When it comes to podcasting and producing videos (or really any kind of equipment for your work), there’s always going to be a range of prices and a range of quality. You’ll have inexpensive, entry-level devices that get the job done, all the way up to really high-end gear that’s a lot more expensive. Obviously, the more expensive the gear, the more likely the results will be higher quality but you’re left in the middle wondering:

How much do I spend?

  • Is there a minimum amount you have to invest in order to be serious?
  • Is there a hard-and-fast number for each industry you should spend if you want to make something of quality?

There’s No Objective Number

It really depends on how you approach it. Imagine a graph with the vertical axis being a scale from zero to high quality in terms of how much money gear costs. Now, you probably have a number in your head right now—a maximum amount that you’re willing to spend.

The question is, should you spend the maximum amount you can afford?

I say: invest 90% of what you can afford.

This is because you don’t want to deplete all of your resources. There’s 2 reason for this:

  1. It gives you a buffer with your resources. You might find that you need another accessory and this way, you have the funds for it.
  2. It ensures you don’t fall into the trap of thinking that the amount you spend on gear is what will make your content great.

Once you’ve decided to spend 90% of the maximum amount you can afford, the question becomes: Is that amount enough? Will this amount be good enough for your brand or the quality precedent you want to set for people?


Minimum Quality Threshold

The minimum quality threshold will be different for every individual, every brand, every industry. Let’s say you determine-for your brand, industry, or situation—that your minimum quality threshold is about 50% of what you can afford. This is a good thing. This allows you to invest in much higher quality gear than the bare minimum of quality production allows.

This scale has no absolute values on the vertical axis because of the variance in dollar amounts among industries but your minimum quality threshold should not exceed the maximum amount you’re about to spend. If it does, you’re not ready. You need to wait to invest until the amount you can spend at least meets your quality threshold. Keep in mind: there’s not an objective number or an objective quality level.

Example: An iPhone is Simultaneously “Good Enough” and “Not Good Enough” for Video

For instance, say all you have is an iPhone and you wonder if the video quality it can produce is good enough. I don’t think the answer is, “An iPhone is not good enough,” or “An iPhone is good enough.” It really just depends. It depends on your situation and how you’re approaching it.

Because I’ve set a certain precedent, people expect a certain quality from me. They expect me to use high quality microphones; they expect good sound on my videos and podcasts. If I were to suddenly start using my iPhone for selfie-style, shaky videos with on-board audio, that’s not going to be good quality.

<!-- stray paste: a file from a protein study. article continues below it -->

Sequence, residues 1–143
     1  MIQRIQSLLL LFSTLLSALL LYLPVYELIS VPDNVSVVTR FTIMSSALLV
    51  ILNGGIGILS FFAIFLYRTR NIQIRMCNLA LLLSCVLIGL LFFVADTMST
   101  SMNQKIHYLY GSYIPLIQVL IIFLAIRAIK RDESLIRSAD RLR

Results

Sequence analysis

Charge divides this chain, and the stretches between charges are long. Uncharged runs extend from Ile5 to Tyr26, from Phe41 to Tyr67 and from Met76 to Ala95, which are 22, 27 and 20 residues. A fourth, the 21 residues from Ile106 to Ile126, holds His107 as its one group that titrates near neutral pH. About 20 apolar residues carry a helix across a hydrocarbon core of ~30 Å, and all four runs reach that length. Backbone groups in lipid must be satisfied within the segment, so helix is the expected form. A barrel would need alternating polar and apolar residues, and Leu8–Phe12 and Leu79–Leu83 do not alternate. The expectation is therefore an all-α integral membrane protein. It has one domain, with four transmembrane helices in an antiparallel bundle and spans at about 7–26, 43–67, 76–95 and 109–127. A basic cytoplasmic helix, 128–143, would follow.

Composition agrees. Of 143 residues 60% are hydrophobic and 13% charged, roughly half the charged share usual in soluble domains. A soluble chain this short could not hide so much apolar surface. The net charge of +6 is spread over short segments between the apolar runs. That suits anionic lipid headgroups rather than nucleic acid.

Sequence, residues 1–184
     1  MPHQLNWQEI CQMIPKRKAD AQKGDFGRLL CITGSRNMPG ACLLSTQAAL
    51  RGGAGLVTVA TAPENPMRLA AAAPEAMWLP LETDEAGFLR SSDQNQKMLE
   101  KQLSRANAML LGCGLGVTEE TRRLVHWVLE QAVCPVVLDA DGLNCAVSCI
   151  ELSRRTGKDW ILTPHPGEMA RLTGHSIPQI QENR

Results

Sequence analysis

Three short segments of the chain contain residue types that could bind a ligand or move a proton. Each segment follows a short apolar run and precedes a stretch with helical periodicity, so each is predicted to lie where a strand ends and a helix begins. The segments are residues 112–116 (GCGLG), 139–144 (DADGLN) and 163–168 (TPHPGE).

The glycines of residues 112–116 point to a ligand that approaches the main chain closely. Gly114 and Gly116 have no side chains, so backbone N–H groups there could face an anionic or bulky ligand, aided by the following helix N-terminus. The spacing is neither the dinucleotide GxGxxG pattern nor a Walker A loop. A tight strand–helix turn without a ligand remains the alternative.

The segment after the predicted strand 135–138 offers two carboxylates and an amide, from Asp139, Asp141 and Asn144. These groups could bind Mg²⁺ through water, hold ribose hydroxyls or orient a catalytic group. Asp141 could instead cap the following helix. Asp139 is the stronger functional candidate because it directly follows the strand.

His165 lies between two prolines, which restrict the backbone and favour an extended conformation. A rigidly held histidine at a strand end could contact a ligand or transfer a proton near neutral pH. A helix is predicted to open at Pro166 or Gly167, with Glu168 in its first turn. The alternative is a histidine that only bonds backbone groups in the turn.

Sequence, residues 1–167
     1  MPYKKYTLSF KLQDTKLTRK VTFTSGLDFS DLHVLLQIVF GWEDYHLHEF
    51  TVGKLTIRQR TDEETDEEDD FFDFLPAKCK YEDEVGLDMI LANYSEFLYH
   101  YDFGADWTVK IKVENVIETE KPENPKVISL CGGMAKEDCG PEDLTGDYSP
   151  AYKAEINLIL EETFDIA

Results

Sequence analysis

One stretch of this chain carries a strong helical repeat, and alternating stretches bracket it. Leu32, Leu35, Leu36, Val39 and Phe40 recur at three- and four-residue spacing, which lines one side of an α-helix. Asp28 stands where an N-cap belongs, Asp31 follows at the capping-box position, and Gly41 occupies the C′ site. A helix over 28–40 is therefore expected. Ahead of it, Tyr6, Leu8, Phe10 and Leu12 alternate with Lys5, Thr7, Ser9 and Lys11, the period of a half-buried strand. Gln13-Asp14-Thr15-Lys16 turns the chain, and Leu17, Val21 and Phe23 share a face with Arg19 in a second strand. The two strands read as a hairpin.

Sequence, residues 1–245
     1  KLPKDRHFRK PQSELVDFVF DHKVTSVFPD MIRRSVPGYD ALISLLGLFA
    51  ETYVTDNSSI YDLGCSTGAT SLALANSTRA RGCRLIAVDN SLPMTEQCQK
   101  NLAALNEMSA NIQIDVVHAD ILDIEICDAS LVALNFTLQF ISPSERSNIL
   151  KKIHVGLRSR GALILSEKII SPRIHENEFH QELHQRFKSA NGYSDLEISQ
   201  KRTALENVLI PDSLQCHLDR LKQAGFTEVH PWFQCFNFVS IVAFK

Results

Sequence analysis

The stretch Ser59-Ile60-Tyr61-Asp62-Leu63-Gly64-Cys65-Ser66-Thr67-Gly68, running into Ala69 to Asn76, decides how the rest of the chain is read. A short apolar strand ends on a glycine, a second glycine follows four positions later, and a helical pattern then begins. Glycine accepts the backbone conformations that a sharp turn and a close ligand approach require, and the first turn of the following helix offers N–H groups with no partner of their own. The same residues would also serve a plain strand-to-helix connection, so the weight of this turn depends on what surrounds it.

I could use the excuse of, “I want to connect with my audience and I can do more than 1 video a day,” but for me personally, it would actually harm my brand. I’ve already stepped up the quality so high that would actually be a bad image for me.

Now, while it doesn’t work for me, does that mean the use of iPhones isn’t be a good idea for anyone? No, certainly not. It could be a good idea for you. If 90% for you means buying an iPhone, it can be a good thing if approached it the right way.

For instance, if you’re making an effort and using a tripod, lights from a hardware store, and an external microphone for better than on-board audio, then an iPhone may be a good fit for you!

Quality Content vs. Quality Production

If you’re not ready to purchase gear yet, I recommend focusing on your content.

There are 2 things you need:

1. Quality content.
2. Quality production.

If you’re in a period of saving for quality gear, focus on building quality content during this time.

A lot of people want to believe that if you have quality content, then you don’t need quality production. It’s the belief that if you talk into the built-in microphone on your computer, people will still listen to your podcast. It’s simply not the case. Most people will not suffer through a poor quality production—no matter how good the content is. They certainly will not do it consistently.

One Shot at a First Impression

The problem is, once you establish your production as being low quality, the impression has been made. People won’t stick around long enough to know that you upgraded your equipment. They’re not going to know because they’re not going to come back!

You need to hit whatever the minimum quality threshold is for you. Look at your favorite TV shows, podcasts, and YouTube channels—the majority of these are a combination of quality content and quality production.

While people typically won’t suffer through a low-quality production even if the content is high-quality, they will watch something with garbage content if it’s well-produced. People will sit through anything that is produced well because it looks good, it’s entertaining, it sounds good, and it fills all their senses.

You need to invest in quality production just as much as you invest in quality content.

P.S., If you’re interested in the gear I use, you can find more informations on my Resources page.